Reid Gives Immigration Talks More Time

Posted May 16, 2007 at 9:08am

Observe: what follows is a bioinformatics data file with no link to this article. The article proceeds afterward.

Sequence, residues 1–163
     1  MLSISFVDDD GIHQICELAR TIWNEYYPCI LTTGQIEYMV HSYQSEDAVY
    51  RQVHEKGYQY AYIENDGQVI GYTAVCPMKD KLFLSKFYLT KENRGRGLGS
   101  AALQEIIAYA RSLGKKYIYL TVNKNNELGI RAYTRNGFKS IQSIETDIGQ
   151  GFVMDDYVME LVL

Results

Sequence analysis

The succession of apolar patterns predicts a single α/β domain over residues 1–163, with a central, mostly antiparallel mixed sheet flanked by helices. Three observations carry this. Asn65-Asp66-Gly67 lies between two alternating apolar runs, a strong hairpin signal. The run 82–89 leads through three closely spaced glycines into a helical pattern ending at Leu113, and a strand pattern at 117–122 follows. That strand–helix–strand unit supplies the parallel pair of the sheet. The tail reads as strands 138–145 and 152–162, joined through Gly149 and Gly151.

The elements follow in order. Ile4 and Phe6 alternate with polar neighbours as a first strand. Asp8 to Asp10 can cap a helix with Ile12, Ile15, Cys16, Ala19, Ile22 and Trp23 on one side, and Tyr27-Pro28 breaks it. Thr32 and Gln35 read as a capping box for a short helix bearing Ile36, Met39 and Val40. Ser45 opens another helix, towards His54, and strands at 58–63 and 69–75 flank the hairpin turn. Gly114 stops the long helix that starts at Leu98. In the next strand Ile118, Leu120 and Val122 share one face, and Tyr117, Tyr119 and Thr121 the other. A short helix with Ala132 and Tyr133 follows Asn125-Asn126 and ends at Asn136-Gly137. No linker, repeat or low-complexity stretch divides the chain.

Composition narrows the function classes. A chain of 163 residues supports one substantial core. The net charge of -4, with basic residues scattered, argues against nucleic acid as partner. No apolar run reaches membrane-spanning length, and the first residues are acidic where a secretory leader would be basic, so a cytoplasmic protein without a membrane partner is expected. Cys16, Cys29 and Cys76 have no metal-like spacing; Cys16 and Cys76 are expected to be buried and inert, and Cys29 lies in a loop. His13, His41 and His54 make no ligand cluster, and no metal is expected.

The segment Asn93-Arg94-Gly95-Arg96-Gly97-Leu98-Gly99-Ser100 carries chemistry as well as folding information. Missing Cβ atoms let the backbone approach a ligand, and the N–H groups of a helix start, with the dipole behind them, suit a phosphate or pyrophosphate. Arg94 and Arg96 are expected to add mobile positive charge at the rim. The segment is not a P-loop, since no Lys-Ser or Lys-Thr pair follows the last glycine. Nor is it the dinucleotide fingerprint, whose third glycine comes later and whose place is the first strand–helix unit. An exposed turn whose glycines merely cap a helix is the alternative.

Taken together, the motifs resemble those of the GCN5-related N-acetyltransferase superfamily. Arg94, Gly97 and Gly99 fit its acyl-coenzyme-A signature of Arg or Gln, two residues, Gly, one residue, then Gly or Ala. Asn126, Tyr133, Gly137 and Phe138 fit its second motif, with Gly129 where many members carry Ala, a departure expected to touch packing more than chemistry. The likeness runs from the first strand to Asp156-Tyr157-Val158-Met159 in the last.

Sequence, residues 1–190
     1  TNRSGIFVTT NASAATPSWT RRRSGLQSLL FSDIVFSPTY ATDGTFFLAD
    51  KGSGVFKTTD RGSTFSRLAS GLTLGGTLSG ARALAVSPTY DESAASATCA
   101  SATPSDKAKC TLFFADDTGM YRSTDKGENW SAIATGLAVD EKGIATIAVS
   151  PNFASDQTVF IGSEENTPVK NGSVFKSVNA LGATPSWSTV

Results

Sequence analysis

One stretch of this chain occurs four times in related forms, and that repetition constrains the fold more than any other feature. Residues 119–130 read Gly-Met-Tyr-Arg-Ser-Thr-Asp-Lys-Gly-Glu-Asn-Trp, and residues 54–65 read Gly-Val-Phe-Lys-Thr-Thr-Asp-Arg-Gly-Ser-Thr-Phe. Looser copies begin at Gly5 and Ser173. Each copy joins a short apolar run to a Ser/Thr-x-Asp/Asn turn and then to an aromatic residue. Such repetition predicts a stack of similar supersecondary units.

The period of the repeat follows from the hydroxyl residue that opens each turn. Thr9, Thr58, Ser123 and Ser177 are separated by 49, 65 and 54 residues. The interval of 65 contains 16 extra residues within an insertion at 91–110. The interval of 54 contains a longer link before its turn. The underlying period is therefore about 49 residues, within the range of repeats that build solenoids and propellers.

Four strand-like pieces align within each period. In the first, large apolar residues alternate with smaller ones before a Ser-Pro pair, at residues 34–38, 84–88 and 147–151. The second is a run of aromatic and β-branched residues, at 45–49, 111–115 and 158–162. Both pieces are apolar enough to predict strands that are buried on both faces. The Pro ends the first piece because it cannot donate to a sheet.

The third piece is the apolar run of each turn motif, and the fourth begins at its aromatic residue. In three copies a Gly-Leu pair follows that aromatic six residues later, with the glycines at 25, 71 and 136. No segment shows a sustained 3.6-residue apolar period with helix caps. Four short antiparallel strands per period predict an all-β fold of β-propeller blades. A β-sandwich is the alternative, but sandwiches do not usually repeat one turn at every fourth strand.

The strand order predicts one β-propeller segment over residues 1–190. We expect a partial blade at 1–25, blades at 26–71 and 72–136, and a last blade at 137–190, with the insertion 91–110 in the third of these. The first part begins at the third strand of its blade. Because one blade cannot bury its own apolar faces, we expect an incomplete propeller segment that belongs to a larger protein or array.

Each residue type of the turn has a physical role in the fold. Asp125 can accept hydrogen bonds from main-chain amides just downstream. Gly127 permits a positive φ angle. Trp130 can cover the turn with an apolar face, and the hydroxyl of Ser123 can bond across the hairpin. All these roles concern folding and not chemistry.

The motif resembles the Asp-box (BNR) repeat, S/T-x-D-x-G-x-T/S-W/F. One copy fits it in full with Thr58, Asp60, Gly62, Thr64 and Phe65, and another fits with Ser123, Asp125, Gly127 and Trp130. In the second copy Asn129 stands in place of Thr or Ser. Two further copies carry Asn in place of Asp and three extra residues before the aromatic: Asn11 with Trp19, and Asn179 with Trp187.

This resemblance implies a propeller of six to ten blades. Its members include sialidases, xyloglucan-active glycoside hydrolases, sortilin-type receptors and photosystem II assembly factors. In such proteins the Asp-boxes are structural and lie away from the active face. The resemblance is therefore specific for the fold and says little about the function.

Closed-door bipartisan immigration talks brought the Senate to a near standstill Tuesday as Democratic and GOP leaders sought to give negotiators as much flexibility as possible to complete work on a comprehensive reform package that could garner broad support. By Tuesday night, the talks had made enough apparent progress that Majority Leader Harry Reid (D-Nev.) decided to give negotiators more time to work out the details, postponing from today until Monday a vote on proceeding to last year’s bill. Republicans had been scheduled to have a full Conference meeting this morning in the Capitol to discuss the bill and determine how to proceed, but that gathering was canceled. Sen. Mel Martinez (R-Fla.) said Tuesday evening that progress was being made on the details but staff needed to spend the coming hours drafting language to a prospective bill. Before Reid’s postponement decision, Martinez said he was holding out hope that the cloture vote may be delayed a day or so to allow the text of a measure to come together. “We’re not going to come out tonight and say we got a deal,” Martinez said, heading back into the closed-door talks. “But we are making progress.” Sen. Arlen Specter (R-Pa.), the ranking member on the Judiciary Committee, agreed Tuesday night that progress was being made, but “there are still a few issues outstanding.” He added, “a lot of language has already been prepared” and more drafting is in the works, especially on some of the headier matters. Conservative Republicans said they are uncomfortable agreeing to debate immigration reform before they see any actual bill language, while more moderate GOP Senators may not want to face the political fallout from blocking movement of a hot-button issue heading into 2008. “It’s kind of a minefield,” conceded one GOP Senator. “There’s no unanimity” on how we move forward. GOP Senators huddled Tuesday at their weekly policy luncheon to discuss immigration strategy, but both aides and Senators said no decisions were made on how to proceed. Heading into those talks Tuesday afternoon, Republicans saw at least 10 outstanding issues yet to be resolved. Wading through those could take hours or even days, some Senators said. Senate Minority Whip Trent Lott (R-Miss.) said before the meeting, “It’s a lot more complicated an issue to deal with than people recognized.” “I’ve defended Sen. Reid’s decision” to impose a deadline, Lott said Tuesday before the vote delay was announced, explaining that the pressure often helps bring negotiators to an agreement. “Usually the main players have to get in a room and stay there until good sense or exhaustion wins out. And sometimes it’s a combination of both.” Additionally, while he agreed it may be difficult for lawmakers to agree to begin floor debate if they do not have enough time to review the actual language, he downplayed the likelihood it would stall the effort. “Academically that’s a good thing … [but] I don’t think a lot of Senators are going to actually read the thing. So let’s get real here,” he said. Democrats, meantime, said they want to keep the momentum going — believing that the more pressure put on the process, the greater the chances a bipartisan bill can come about before Memorial Day. Reid now plans to hold a procedural vote Monday that would allow debate to begin, a move that currently would bring up last year’s Senate immigration reform package that garnered 63 votes. That move would worry some Republicans, who fear that if the talks fall apart, Reid will force a do-over on the Senate debate from last year, which even some moderate Republicans argue is no longer workable. At the same time, some GOP Senators don’t want to have to change their vote from last year and face the political fallout associated with switching their position. On the other end of the spectrum, conservative Republicans are concerned that the discussions are tilting too far to the left and ultimately, when the bill goes to conference with the liberal-leaning House, it will be completely unpalatable. Sen. John Cornyn (R-Texas.), one of the lead conservative negotiators, said early Tuesday he believed more time was needed before Senators would feel comfortable agreeing to debate a measure sight unseen. That’s especially true of those Republicans who have not been privy to the intimate bipartisan talks, which have been ongoing for weeks. “We have a responsibility — each of us — to know what we’re voting on,” Cornyn argued. “So, things may have to get pushed back.” Across the Capitol, House Majority Leader Steny Hoyer (D-Md.) told reporters Tuesday his chamber is still on track to bring an immigration bill to the floor in July, whether or not the Senate can move a bill. “It is our expectation that we will have an immigration bill on the floor in July,” Hoyer said. “Now, could that change depending on what the Senate does? It could change, but at this point in time whether the Senate acts in the next day … or week will not necessarily impact that decision.” A House GOP leadership aide said Democrats are still willing to bring a bill to the floor if the Senate fails to do so as long as Bush can deliver Republican votes. So far Congressional Democrats and the White House have been working closely to move a bill, and Rep. Zoe Lofgren (D-Calif.) is taking the lead on the issue. “We’ve talked to the president about it, it’s one of the things we think we can work with the president on,” Hoyer said. Susan Davis contributed to this report.